Is there a genius among the EU immigrants?

It’s very possible.  There are many more geniuses in these modern highly educated times than ever before.  Potentially brilliant minds are no longer blunted by a poor childhood — that is, poor in nutritious food, poor in available information or lacking encouraging parents.  It has been suggested that in the top few advanced countries the ‘genius rate’ is now about 1 per million per generation.

There’s also a cultural ‘releasing’ effect when an enterprising person leaves one culture for another and, not completely understanding the traditional restraints of the new culture, proceeds to stretch the limits of opportunity beyond those that are well and truly internalised in the minds of the natives.

A recent survey of the Forbes 200 rich list of Americans revealed that 40% of them were either immigrants or the children of immigrants.  An article in this week’s Spectator, “Is the next Steve Jobs really among Syria’s migrants?” by Ed West, gives some more examples.  In Britain, Chinese, Indian and Bangladeshi pupils vastly outperform poor indigenous kids from poor and averagely-earning families and are equivalent to pupils at the best private schools, while Pakistani, African and Caribbean pupils do less well.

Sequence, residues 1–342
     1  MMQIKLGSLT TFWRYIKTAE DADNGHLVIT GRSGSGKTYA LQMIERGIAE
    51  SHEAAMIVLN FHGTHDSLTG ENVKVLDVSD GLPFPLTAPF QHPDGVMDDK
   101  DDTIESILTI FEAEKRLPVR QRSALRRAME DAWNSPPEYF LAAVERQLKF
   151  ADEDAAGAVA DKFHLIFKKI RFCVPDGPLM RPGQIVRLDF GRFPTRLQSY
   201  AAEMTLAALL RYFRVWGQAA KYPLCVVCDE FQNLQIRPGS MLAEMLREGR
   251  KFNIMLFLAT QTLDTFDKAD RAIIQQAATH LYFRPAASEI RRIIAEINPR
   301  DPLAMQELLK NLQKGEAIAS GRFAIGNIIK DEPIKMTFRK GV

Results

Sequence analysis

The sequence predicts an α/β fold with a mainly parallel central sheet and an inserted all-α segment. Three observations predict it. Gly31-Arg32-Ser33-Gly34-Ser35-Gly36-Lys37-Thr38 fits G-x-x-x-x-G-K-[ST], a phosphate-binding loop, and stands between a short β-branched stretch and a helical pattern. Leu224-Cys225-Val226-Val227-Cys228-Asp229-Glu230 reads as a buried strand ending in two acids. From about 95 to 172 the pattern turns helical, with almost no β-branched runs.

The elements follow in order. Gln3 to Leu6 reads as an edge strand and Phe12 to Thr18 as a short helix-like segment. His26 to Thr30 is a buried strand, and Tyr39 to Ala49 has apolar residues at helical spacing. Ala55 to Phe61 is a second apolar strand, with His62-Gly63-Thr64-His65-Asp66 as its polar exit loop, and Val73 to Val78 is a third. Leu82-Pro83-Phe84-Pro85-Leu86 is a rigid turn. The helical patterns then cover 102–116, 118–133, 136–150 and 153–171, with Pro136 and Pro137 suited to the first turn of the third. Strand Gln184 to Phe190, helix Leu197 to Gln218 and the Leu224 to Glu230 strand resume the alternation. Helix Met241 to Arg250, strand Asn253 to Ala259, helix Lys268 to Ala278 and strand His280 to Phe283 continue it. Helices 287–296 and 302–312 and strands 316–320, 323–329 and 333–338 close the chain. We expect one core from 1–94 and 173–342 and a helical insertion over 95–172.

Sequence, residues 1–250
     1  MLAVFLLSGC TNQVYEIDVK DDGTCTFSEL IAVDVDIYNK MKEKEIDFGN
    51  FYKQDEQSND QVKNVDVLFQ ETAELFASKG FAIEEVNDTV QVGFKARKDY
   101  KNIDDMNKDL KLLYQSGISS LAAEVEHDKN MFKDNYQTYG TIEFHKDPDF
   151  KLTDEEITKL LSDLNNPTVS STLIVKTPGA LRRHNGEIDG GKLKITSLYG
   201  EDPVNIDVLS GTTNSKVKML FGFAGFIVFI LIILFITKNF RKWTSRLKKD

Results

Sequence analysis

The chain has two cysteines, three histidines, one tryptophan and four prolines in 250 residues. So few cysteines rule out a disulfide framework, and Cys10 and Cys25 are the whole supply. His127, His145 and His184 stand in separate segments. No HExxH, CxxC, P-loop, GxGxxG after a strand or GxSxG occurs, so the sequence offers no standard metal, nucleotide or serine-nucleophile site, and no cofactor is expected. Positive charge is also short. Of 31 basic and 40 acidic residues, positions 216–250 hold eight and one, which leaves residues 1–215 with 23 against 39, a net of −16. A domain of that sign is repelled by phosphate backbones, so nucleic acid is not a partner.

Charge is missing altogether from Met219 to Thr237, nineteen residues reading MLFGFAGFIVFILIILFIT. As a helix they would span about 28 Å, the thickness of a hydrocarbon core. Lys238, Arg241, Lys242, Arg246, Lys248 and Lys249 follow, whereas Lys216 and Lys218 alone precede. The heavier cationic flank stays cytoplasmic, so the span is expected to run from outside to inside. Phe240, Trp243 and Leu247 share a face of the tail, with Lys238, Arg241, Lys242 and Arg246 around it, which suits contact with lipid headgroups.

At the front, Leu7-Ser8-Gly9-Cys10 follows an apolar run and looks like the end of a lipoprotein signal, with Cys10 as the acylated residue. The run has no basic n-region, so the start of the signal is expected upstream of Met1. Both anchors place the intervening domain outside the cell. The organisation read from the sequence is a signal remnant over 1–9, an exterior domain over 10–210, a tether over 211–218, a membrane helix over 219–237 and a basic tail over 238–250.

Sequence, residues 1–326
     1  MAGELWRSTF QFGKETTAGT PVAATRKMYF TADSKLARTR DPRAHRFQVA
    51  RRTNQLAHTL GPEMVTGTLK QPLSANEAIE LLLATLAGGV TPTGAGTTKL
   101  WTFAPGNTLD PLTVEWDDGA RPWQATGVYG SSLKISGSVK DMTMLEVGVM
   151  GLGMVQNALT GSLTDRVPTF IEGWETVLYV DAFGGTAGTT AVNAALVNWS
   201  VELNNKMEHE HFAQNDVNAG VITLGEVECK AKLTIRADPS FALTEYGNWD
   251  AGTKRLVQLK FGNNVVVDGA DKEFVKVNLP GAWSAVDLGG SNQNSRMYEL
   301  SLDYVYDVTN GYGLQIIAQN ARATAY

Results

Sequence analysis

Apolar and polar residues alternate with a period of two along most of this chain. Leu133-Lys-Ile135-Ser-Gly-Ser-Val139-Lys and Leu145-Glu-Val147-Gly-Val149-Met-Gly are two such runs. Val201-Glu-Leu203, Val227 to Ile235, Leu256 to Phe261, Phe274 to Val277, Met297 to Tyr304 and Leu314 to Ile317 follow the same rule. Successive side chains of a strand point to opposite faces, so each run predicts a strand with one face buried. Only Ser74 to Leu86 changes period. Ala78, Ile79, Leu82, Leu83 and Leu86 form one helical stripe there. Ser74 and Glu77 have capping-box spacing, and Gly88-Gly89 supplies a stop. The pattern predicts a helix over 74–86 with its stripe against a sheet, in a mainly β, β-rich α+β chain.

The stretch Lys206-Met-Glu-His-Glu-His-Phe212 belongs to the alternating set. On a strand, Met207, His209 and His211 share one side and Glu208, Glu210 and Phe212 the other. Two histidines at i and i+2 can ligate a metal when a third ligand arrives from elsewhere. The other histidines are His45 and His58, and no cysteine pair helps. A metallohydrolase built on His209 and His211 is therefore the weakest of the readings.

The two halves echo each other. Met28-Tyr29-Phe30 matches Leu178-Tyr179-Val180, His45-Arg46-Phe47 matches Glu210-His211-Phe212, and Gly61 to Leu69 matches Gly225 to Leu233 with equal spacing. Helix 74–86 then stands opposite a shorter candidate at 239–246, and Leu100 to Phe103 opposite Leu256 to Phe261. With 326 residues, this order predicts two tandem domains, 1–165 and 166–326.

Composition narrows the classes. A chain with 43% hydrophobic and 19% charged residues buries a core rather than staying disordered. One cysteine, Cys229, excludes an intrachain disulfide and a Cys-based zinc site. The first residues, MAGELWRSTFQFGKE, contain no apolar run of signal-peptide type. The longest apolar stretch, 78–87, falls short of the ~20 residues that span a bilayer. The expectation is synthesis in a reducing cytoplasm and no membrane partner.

Of course, none of this is a justification for mass immigration into the advanced countries — for, generally, low-skill jobs.  The three million migrants that the last Labour administration and the present Conservative government have allowed into the country in the last 15 years will cost considerable extra public spending on new schools, hospitals, welfare services — ultimately, nursing homes ! — and has prevented the higher quality, and more scientific, education for native children that’s desperately necessary to maintain our comparative way of life in an increasingly competitive world.  We might well have gained one or two immigrant geniuses in future years but we are more likely to have thwarted three or four of our own.

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